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Abstract

The next class of well logs to be considered is generally referred to as porosity logs. Although each produces a porosity value from basic measurements, none actually measures porosity directly. Two such logs, the density and neutron, are nuclear measurements. A third log, the sonic, uses acoustic measurements, and the fourth and newest log senses the magnetic resonance of formation nuclei. When used individually, each of the first three has a response to lithology which must be accounted for, but when used in concert, two or three at a time, lithology can be estimated and a more accurate porosity derived.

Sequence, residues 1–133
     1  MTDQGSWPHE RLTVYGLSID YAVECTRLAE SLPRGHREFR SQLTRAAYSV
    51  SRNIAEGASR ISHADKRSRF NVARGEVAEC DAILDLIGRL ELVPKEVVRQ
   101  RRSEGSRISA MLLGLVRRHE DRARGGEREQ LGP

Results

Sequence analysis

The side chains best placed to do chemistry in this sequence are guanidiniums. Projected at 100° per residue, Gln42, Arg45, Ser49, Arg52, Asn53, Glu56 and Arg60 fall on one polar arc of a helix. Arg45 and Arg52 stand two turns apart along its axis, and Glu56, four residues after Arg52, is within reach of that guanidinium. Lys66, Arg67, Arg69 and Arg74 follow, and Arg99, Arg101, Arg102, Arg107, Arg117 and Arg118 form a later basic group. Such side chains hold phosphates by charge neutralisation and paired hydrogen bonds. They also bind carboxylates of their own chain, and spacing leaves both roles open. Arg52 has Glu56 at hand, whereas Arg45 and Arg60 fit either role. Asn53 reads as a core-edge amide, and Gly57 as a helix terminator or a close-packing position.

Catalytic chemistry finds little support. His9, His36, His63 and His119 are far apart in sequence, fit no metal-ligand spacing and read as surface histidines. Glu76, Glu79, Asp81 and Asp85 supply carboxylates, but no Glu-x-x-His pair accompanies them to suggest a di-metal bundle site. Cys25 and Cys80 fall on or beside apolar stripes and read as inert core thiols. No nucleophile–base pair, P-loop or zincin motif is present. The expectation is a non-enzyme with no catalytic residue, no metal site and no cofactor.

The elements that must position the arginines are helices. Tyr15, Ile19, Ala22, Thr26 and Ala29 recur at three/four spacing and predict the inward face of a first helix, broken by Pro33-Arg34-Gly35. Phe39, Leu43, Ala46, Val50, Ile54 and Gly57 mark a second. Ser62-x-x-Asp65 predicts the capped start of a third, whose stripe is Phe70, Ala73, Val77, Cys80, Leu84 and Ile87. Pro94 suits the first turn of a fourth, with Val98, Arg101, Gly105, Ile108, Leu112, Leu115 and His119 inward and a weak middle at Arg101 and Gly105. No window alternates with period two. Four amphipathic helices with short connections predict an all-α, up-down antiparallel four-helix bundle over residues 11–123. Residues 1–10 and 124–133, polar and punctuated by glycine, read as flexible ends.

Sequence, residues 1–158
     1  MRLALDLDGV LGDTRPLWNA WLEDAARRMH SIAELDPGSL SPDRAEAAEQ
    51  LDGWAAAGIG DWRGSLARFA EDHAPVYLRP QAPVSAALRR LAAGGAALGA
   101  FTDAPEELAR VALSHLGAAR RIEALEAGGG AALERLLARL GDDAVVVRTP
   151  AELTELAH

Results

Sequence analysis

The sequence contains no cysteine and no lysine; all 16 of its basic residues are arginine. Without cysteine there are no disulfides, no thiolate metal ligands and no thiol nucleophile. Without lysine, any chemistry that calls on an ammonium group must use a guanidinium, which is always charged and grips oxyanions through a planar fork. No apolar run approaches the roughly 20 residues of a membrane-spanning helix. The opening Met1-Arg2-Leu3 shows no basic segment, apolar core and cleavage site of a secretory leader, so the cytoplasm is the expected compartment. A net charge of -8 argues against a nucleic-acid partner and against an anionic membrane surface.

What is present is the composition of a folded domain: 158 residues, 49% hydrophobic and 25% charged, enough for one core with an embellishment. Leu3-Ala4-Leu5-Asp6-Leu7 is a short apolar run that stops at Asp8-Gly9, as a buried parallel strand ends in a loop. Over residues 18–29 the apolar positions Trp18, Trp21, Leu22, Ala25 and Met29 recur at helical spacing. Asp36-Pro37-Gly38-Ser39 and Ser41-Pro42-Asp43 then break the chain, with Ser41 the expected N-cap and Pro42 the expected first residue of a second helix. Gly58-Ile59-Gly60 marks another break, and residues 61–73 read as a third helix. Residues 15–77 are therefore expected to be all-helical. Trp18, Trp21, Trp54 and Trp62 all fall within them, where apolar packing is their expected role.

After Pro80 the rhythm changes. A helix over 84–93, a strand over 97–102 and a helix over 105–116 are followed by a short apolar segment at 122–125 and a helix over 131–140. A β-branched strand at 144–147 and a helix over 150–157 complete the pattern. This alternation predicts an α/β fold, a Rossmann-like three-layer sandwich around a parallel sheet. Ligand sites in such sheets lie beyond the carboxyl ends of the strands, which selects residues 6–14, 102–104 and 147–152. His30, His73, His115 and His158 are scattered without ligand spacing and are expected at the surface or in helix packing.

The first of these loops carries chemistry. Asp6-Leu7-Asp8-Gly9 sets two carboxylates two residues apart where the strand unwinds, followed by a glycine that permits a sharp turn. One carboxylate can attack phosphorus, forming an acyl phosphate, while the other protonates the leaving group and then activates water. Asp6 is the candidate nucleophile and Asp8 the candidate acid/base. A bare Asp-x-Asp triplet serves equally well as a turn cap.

Nuclear magnetic resonance (NMR) logging was first introduced by Schlumberger in 1978 (Maute, 1992) but was not initially widely used because of operational limitations. With the commercial introduction of the Magnetic Resonance Imaging Log (MRIL) by NUMAR Corporation (now part of Halliburton) in 1980 (Halliburton, 1999) and the release of the Combinable Magnetic Resonance Tool (CMR) by Schlumberger, the technique is steadily gaining acceptance.

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